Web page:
Sunday Territorian 4 Apr 2010
Sunday Territorian; NewspaperNT
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Community newspapers -- Northern Territory -- Darwin.; Australian newspapers -- Northern Territory -- Darwin.
Nationwide News Pty. Limited
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Nationwide News Pty. Limited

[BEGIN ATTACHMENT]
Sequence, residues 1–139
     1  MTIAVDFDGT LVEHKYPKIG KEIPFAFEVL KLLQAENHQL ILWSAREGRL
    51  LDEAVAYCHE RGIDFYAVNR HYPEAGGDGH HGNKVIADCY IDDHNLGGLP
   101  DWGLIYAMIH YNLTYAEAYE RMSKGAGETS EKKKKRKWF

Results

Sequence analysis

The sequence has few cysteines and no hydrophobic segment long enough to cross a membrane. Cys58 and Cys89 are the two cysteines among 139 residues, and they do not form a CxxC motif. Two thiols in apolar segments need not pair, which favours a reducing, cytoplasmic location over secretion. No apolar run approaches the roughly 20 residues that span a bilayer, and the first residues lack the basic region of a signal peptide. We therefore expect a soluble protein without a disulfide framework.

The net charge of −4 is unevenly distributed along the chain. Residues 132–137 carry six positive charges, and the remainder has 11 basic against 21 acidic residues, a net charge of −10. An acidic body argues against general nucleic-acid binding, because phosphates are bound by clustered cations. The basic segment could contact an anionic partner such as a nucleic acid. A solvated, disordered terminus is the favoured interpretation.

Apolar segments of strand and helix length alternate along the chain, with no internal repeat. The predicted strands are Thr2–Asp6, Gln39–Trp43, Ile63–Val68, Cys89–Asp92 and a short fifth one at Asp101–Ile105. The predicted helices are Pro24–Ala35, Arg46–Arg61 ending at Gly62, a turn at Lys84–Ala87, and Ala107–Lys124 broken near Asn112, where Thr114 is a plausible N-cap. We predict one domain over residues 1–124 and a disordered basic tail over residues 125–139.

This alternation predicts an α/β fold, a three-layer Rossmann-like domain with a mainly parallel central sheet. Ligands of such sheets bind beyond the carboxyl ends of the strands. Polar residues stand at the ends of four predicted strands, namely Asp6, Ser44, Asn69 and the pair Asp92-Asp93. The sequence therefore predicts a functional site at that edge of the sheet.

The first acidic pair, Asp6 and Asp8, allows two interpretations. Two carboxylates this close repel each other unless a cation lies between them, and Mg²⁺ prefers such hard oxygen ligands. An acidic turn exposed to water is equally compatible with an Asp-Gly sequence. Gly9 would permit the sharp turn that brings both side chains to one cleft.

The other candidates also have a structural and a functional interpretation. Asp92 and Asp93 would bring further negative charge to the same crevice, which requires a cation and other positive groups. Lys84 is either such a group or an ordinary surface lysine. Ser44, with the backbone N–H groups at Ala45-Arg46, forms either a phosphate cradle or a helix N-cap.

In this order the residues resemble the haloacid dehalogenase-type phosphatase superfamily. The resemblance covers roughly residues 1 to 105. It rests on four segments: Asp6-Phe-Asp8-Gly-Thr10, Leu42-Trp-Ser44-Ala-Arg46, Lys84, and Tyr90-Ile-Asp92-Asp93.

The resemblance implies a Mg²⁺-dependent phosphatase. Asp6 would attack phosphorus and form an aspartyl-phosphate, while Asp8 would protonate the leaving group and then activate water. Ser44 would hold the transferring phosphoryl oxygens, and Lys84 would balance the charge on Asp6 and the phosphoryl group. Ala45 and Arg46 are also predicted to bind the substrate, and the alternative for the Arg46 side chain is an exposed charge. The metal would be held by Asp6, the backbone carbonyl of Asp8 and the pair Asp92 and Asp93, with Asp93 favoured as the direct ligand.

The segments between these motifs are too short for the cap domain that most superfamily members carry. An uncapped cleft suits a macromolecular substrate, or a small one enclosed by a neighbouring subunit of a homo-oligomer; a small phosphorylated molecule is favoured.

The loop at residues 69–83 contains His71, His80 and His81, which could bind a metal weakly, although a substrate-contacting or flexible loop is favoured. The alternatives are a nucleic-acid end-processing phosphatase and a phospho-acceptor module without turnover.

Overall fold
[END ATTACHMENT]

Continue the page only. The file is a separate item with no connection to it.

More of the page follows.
www.sundayterritorian.com.au Sunday Territorian, Sunday, April 4, 2010 43 P U B : NTNE-WS-DA-TE:4-APGE:43 CO-LO-R: C-M Y-K 1/2 DAY OFFSHORE FULL DAY OFFSHORE EXTENDED TRIPS 8932 3006 BLUEWATER CHARTERS 3 DAY EXTENDED TOURS - SEATS AVAILABLE MARCH 26-27-28 e r3 7 0 7 2 0 Clay target shooting can be for ladies and juniors AGE NO BAR: Great-grandmother Audrey, 75, shooting skeet in Darwin By BART IRWIN NT FIELD and Game, in conjunction with Darwin Clay Target Club, runs a program to encourage ladies and juniors to take up clay target shooting as their sport. It began on January 19, 2007 and since then it has been run every Friday evening throughout the Dry. The program is run at the Darwin Clay Target Club, Abala Rd, Marrara opposite the hockey grounds. Shooting starts at 4.30pm and all who attend receive a full and thorough introduction covering firearms safety, gun fit, vision and stance. If necessary we will turn the lights on and continue to shoot into the dark. Night shooting has been a regular occurrence at the Darwin club. Typically, beginners start using a 28 gauge shotgun which is very light and has little felt recoil. When they are comfortable with the basics of shotgun shooting they move up to a 12 gauge shotgun. One of our aims is to develop subjunior, junior and ladies squads from which future NT teams will be selected to compete at the national titles. The 2009 Ladies Skeet National Handicap Champion, Kelly Dalton, and the 2006 Skeet National Handicap Champion, Craig Herbert, are products of this program, as is Denise Millington-Flay who won a C grade gold medal at her first National titles. While our focus is on the under-represented ladies and juniors groups the program is open to all. The program continues to expand with new shooters, commencing almost every Friday night. It focuses on skeet shooting and is designed to cater for novices or those who may never have fired a gun but are interested in trying out our sport. The clubs licence covers those participating so a shooters licence is not required. The club also holds public liability insurance which covers visitors for their first three visits. After that they must decide if they wish to continue and if so they must then join the club. The club and coaches provide guns for the program and ammunition and targets are available on the night. Participants are required to wear enclosed footwear and eye and ear protection sun and prescription glasses are acceptable. Safety glasses and disposable ear plugs are available at the club. Skeet shooting was developed as a means of maintaining and developing waterfowl shooting skills in the off season so goose and duck hunters might be interested in touching up their skills. Clay target shooting is a safe and healthy sport, suitable for all ages so if you would like to give it a try come along to the Darwin Clay Target Club on a Friday evening, or contact George Hennessy on 8945 2234 or by email to firstname.lastname@example.org. HAPPY SNAPPING: Andrew McCourt shows off a 75cm barra caught at Finniss River during a recent trip A WINNER: Shayne Melbourne with a 86cm Finniss River barra HITTING THE RIGHT SPOT: Jamie ONeill fished the East Alligator River and nailed a string of chrome saltwater barramundi Got Ones Craig Grosvenor said Easter was unofficially the beginning of the dry season. I can feel the excitement building ... the bluewater scene is looking promising with early reports of sailfish and even a small black marlin sighted wide of Dundee, he said. Thats got tongues wagging and the game gear is being rigged up ready for action ... and its only just April! In general, the barra scene has kicked off with an explosive start. At Shady Camp the quantity and quality of big fish from the mouths so far this year has been as good as Ive ever seen it. The Daly River turned it on too, although it was a long haul to get there down around the mouth. I wont repeat the claims or I will sound like a broken record. The Adelaide River started off ordinary, then it was like someone turned the switch on for about a week. Big barra came from Beatrice Creek upstream and Black Jungle, the Wilshires, The Narrows and Saltwater Arm in the lower regions. It mustve been good cos Got Ones Mal Strong went back twice and he is purely a hardcore bluewater fanatic. Ha ha ... thatll teach him to bag out the barra boys. OK, so what to do now? Coming into April, Id be keeping a close eye on the weather website www.bom.gov.au for daily updates. If you cant catch a mud crab at the moment, you mustve forgotten the bait. Big bucks are everywhere and every day we are hearing reports like 12 crabs in two pulls. It doesnt get any better than that. As you would expect ... Shoal Bay, Saltwater Arm and Darwin Harbours Middle Arm all returned good numbers. The landbased guys are into it with Reidys metal jigs working well on a fast retrieve. The queenfish have responded nicely and a few macks are about now. I might mention that landbased barra fishing has been worth the effort too. Charles Point continues with its jewfish affairs, most fish around the 11kg mark. Funnily enough, the bigger tides are doing well right on the change and blue salmon are among the catches on dead baits. On the www.fishingterritory.com forums Ando1001 posted a report about a Corroboree Billabong trip he did on Thursday. He wrote: We put in this morning with only two other cars in the park. The water colour was pretty good up to the cutting to the Rockhole where it went a bit cloudy. The Rockhole had cloudy water too. Colour was good again heading towards and way passed the S-bends. We didnt get a barra all day (not for lack of trying) but got heaps of tarpon up to around 40cm. There were guys working on the ramp when we pulled out this arvo. They were mixing cement and gravel to solidify the dirt at the top of the ramp (Im guessing for the Easter rush). Even though we didnt get what we went for, it was very scenic out there, and the tarpon made it fun. Again on www.fishingterritory.com forums, Dinga posted a story about a Finniss River trip that started well but ended badly. He wrote: I went to the Finniss River and did OK, after trolling around for only about five minutes I had the first fish in the boat and it went 68cm. The pressure was off for the rest of the day and the following day people were boating good-sized barra in all parts of the river. There were plenty of fish at the mouth and we didnt push any further up than the first rockbar. All the luck changed when we got out of the water when one of the other blokes we were with got T-boned as he was turning into the driveway of the place we were staying. The bloke ... nailed my mate in the drivers side rear door, writing off two cars, two trailers and with a lot of boat damage. At least no one was hurt. (Other) than that it was a great trip, we even did OK with the trickies, snapper and coral trout out wide.